Parkour Tutorial – An artform that mirrors Life…

Let’s face it: Life can be difficult and frustrating when one is faced with one or several obstacles, figuratively speaking, and at several points in our life, this is a recurring theme. There’s not a single person who can say they don’t feel restricted by something or the other…

While some people might have one obstacle to deal with, there are those who have several ‘mountains’ to climb. Many battles to fight. You get the picture… reality sucks!

No matter who you are and where you live, if you are reading this blog, you’ll realize that if you don’t get your expectations right… you won’t be able to negotiate these obstacles with skill, in order to get what you want in Life.

Am I sounding too “out there” with this analogy?

David Belle, the creator of “parkour”, would get it definitely…

(Watch the magic that he creates in this parkour sequence (link) from Luc Besson’s movie, Banlieue 13…)

Talk about improvisation, right? Amazing, if nothing else…

Parkour – An Introduction

While most people consider David Belle to be its creator of parkour in its modern form, thanks to the awareness generated by the BBC promotional film known as “Rush Hour”, inspiration was derived from his dad, who in turn, implemented the training philosophy of Georges Hébert, a physical education expert.

In fact, he developed the “Natural Method” based on the athleticism and strength displayed by the indigenous people in Africa, thanks to their natural surroundings.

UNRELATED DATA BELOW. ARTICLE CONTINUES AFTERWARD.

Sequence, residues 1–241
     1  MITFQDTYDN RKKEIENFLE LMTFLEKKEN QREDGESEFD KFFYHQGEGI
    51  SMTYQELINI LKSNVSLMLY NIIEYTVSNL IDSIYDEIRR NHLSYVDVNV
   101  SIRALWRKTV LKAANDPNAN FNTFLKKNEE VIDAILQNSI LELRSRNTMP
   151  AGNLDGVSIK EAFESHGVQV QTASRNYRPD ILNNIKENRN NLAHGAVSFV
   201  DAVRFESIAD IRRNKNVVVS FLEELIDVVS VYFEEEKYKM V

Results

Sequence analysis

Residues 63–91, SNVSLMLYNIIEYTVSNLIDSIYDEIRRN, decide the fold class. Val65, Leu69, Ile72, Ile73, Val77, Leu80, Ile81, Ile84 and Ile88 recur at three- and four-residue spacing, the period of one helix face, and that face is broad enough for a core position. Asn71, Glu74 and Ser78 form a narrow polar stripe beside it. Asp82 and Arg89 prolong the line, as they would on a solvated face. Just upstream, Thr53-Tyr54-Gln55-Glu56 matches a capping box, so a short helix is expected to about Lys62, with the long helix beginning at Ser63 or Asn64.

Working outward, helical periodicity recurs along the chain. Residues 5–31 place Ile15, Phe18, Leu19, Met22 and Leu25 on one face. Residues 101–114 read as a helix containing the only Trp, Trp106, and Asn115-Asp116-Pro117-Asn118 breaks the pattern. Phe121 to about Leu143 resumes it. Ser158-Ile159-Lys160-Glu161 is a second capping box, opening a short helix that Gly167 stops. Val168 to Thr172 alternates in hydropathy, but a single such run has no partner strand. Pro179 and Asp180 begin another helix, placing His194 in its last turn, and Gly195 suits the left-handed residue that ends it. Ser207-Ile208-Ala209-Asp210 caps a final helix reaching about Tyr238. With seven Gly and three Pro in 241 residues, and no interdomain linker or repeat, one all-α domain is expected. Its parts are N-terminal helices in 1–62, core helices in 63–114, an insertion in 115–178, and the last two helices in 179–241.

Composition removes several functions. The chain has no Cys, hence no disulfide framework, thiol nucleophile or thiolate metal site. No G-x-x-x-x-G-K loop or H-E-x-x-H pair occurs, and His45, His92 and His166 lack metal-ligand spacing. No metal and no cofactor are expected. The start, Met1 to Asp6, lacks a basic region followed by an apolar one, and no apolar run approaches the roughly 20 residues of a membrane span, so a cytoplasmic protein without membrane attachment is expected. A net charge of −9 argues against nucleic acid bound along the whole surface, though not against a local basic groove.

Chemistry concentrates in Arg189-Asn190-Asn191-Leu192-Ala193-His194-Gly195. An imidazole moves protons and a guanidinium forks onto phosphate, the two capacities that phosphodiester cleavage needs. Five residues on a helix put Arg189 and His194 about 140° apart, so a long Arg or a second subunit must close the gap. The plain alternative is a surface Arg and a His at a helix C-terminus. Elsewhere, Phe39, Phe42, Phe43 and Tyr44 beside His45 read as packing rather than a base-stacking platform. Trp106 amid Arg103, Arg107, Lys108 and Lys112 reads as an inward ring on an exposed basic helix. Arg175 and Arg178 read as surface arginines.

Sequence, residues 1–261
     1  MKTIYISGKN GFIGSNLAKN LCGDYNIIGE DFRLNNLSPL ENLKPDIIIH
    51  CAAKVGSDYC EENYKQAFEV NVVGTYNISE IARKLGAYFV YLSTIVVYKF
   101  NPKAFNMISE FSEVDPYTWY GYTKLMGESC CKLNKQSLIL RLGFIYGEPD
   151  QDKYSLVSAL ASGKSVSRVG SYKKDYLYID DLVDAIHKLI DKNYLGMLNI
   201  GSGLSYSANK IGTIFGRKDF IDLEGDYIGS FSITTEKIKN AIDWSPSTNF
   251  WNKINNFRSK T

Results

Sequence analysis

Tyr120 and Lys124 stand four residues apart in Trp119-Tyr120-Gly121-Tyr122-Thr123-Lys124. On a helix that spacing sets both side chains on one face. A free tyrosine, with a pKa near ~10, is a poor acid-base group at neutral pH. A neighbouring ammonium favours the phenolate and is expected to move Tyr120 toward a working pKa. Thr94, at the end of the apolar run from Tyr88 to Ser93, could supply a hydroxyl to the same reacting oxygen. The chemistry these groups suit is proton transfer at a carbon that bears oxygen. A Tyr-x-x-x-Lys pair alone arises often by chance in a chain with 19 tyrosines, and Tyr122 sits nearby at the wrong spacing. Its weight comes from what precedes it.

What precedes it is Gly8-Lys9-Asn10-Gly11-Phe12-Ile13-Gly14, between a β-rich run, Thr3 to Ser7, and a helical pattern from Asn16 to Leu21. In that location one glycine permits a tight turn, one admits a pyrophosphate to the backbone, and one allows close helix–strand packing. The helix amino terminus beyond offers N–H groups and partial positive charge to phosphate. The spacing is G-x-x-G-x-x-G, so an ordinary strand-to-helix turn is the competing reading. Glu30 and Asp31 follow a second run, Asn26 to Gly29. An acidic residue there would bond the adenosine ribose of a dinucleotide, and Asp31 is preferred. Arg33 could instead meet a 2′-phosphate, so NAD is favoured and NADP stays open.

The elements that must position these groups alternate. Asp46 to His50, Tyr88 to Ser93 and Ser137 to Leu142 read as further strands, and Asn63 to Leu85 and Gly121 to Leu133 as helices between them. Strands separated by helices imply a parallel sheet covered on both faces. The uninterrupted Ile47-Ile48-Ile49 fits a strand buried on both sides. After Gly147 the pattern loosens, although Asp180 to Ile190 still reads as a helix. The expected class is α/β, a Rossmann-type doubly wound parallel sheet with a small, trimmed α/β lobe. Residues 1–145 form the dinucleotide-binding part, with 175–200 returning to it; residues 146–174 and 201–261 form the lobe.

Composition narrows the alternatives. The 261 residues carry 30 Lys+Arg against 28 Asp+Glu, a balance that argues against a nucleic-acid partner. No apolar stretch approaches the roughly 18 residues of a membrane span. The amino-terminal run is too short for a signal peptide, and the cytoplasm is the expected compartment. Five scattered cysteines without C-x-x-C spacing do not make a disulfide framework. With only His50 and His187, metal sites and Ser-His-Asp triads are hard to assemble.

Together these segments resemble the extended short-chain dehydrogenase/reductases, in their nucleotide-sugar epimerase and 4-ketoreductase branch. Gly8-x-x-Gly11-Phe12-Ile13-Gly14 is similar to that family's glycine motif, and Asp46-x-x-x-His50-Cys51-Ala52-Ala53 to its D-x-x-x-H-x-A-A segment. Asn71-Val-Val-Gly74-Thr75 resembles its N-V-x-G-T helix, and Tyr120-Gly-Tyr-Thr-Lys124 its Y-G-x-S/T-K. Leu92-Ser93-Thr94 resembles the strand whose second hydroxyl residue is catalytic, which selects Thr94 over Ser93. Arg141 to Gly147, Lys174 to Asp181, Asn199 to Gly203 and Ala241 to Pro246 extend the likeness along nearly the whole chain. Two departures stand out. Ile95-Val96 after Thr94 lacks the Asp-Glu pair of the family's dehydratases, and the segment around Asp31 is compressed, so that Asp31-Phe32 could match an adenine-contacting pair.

In fact, this new method consisted of negotiating obstacles such as running, jumping, climbing, walking on all fours and so on and so forth, and which are all noticeable movements in Belle’s “parkour” as well.

Of course, the only difference here is that a “traceur”, one who practices parkour, negotiates obstacles in the urban jungle of today…

Parkour Tutorial and Basics

Parkour is described in French as “l’art du déplacement”, and for us, unlingual folks, it means the art of movement. Very feline movements, that is…

The objective is to negotiate obstacles (that can just anything from inanimate objects to even people) from point A to point B as soon as possible.

If one has to compare “parkour” to any other discipline, you’ll notice that there are any defined movements as each obstacles is considered to be a “unique challenge”.

How you negotiate each challenge is therefore unique, since the angle by which you approach the obstacle, speed and physical make-up of the obstacle differs with each challenge.

If you watch the video closely, you’ll see that his reaction to each obstacle is lightning quick, and this is what the discipline seeks to teach its traceurs or traceuses.

From a mental point of view, this form of exercise should be performed as if you are being chased or are chasing someone, and is perhaps the reason why the video clip posted earlier felt authentic.

If you are interested in this sport and want to learn more, here is a link that should give you more than a parkour tutorial with articles and news about the personal discipline that is definitely a pleasure to watch.

In Closing

Very simply, if there’s anything that parkour should teach us is that we should definitely take a different approach to tackling obstacles, if only figuratively.

So what do you think of ‘parkour’? Please feel free to share your experiences.

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